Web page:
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The Farnsworth–Hirsch Fusor, or simply fusor, is an apparatus designed by Philo T. Farnsworth to create nuclear fusion. It has also been developed in various incarnations by researchers including Elmore, Tuck, and Watson, and more lately by George Miley and Robert W. Bussard. Unlike most controlled fusion systems, which slowly heat a magnetically confined plasma, the fusor injects "high temperature" ions directly into a reaction chamber, thereby avoiding a considerable amount of complexity. The approach is known as inertial electrostatic confinement.

Hopes at the time were high that it could be quickly developed into a practical source of fusion power. However, as with other fusion experiments, development into a generator has proven to be difficult. Nevertheless, the fusor has since become a practical source of free neutrons, and it is produced commercially for this purpose. Fusors have been assembled in low-power forms by hobbyists.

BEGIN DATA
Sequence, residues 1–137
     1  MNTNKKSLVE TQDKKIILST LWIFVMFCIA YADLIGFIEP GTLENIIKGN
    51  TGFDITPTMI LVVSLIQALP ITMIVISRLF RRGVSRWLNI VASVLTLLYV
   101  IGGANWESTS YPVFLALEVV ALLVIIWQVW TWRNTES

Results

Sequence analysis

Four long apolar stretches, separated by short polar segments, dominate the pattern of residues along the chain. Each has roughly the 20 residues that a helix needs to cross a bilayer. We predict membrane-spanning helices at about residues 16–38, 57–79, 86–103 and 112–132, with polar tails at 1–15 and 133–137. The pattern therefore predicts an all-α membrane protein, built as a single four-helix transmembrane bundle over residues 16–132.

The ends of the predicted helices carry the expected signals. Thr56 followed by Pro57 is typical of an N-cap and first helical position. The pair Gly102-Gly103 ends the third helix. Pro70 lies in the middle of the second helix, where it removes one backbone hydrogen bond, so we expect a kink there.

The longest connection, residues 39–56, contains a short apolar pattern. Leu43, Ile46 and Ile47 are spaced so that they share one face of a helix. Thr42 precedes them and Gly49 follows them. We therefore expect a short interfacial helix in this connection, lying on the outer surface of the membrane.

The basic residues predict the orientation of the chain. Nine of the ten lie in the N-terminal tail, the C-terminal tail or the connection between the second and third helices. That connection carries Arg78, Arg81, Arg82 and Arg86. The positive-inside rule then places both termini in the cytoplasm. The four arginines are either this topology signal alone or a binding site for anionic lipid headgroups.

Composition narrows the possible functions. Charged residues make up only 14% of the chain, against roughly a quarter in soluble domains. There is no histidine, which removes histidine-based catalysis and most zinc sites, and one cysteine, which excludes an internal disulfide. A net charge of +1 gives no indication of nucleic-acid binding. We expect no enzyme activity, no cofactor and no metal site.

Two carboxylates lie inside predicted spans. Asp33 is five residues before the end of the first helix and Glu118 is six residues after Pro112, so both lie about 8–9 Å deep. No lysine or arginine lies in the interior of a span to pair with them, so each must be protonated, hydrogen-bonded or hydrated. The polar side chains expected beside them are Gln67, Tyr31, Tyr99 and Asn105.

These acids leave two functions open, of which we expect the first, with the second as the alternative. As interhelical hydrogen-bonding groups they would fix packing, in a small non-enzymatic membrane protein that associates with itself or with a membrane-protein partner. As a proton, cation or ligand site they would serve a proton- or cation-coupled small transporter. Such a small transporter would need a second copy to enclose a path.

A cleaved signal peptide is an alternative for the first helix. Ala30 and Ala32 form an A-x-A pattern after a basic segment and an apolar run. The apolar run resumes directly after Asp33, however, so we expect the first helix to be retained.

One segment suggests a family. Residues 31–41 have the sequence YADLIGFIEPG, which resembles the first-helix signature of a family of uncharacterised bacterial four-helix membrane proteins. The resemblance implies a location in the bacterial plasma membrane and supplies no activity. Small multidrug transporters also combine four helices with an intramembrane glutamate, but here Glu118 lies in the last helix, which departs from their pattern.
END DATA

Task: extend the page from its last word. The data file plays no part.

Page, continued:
The fusor was originally conceived by Philo Farnsworth, better known for his pioneering work in television. In the early 1930s he investigated a number of vacuum tube designs for use in television, and found one that led to an interesting effect. In this design, which he called the multipactor, electrons moving from one electrode to another were stopped in mid-flight with the proper application of a high-frequency magnetic field. The charge would then accumulate in the center of the tube, leading to high amplification. Unfortunately it also led to high erosion on the electrodes when the electrons eventually hit them, and today the multipactor effect is generally considered a problem to be avoided.

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